Sunday, June 21, 2015


This is one of my favorite words because the sound of the word reflects its meaning, in my humble opinion.  And again, I use to define the word.  I hope you like it as much as I do!

Ex.  This post is rather lackadaisical because all I did was quote!

1. without interest, vigor, or determination; listless; lethargic: a lackadaisical attempt.
2. lazy; indolent: a lackadaisical fellow.
He had for a moment been very angry when his friend had told him that he could not sympathise with a lackadaisical lover. It was an ill-natured word. He felt it to be so when he heard it, and so he continued to think during the whole of the half-hour that he sat in that chair.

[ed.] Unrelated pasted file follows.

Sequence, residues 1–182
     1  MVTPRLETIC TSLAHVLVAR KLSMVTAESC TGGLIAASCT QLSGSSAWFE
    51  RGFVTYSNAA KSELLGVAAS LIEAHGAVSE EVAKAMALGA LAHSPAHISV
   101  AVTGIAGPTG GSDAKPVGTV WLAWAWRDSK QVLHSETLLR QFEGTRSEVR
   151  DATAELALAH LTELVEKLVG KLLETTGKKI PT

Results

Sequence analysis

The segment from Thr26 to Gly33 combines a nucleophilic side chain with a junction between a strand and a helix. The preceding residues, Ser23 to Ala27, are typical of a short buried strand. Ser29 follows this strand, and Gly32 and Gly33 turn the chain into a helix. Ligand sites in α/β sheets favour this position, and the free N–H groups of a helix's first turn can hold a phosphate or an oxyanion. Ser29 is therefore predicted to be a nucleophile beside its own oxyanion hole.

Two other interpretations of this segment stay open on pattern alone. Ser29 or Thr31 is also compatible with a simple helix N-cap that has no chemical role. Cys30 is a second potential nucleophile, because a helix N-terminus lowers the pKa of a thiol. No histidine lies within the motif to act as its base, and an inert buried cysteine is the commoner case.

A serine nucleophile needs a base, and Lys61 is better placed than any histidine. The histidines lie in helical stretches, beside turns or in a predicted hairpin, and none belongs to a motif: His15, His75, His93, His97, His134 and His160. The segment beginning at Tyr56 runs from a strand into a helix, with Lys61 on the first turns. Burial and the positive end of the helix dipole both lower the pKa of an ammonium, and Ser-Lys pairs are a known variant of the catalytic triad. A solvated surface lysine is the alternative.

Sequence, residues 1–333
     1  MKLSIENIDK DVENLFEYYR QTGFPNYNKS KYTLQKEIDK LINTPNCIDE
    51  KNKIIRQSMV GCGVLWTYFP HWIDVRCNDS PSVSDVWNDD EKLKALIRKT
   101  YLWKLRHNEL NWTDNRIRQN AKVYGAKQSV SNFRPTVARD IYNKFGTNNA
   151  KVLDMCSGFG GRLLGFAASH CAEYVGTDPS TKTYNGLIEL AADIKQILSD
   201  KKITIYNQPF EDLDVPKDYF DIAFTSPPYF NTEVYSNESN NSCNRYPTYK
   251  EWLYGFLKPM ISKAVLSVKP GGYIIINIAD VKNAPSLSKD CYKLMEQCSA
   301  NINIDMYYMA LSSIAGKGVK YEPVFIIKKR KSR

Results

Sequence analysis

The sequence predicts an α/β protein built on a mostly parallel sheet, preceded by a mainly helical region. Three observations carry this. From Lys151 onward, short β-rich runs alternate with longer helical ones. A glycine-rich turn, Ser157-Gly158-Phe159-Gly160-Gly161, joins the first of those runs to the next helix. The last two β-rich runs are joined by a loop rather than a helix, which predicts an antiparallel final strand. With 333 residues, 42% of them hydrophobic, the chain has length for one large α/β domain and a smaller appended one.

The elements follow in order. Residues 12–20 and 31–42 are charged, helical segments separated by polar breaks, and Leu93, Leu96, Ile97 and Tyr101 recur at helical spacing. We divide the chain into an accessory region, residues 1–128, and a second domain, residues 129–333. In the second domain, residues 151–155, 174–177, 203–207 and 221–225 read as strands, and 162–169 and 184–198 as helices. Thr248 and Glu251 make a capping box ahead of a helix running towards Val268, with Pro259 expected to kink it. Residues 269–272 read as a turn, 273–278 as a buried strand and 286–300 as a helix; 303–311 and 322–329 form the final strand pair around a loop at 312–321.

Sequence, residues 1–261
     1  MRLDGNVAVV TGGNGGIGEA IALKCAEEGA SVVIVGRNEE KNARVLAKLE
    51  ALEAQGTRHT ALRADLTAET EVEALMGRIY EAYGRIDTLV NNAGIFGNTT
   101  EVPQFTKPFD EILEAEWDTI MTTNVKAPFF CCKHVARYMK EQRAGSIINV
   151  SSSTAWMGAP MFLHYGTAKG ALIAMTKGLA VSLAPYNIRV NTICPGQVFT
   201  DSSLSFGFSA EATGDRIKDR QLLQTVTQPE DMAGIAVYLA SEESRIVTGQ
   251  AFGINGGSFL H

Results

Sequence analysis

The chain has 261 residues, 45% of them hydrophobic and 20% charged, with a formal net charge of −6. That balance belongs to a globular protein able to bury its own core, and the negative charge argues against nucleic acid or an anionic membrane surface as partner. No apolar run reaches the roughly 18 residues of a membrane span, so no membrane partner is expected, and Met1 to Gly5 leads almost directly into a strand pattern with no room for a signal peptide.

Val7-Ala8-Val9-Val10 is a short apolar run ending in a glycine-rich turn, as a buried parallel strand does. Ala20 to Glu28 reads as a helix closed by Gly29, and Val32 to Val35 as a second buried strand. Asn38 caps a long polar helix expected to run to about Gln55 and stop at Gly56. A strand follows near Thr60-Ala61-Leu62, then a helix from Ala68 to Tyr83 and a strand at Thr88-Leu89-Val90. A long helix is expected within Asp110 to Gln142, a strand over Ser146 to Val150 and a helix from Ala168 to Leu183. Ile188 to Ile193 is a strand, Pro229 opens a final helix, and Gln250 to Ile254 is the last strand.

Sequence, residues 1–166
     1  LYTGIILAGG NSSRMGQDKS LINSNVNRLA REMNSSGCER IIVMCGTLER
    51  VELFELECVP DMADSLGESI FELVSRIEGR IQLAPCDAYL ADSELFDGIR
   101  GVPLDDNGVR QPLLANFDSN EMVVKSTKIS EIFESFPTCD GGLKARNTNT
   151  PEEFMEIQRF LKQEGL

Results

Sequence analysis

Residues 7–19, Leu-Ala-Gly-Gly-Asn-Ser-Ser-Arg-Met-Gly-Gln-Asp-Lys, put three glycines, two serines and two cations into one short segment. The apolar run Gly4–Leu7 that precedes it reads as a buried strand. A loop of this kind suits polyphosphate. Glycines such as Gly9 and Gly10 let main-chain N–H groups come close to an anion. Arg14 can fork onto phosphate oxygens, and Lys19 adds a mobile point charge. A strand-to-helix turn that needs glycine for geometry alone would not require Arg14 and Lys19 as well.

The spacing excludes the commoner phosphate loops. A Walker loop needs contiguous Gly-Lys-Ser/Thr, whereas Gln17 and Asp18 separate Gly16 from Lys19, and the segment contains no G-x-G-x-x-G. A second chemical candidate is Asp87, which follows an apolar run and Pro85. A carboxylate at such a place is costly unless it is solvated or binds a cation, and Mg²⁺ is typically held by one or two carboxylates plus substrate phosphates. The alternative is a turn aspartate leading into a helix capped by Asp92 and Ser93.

-- Anthony Trollope, The Small House at Allington, 1864
Lackadaisical stems from the archaic term lackadaisy, a variant of lackaday. These in turn came from an alteration of the phrase alack the day, an interjection used as an exclamation of sorrow, regret, or dismay.

No comments:

Post a Comment

Featured Post

When do I use HAVE and HAS?

"Have" and "has" are both present tense conjugations of the verb "to have," and we use "have" or &q...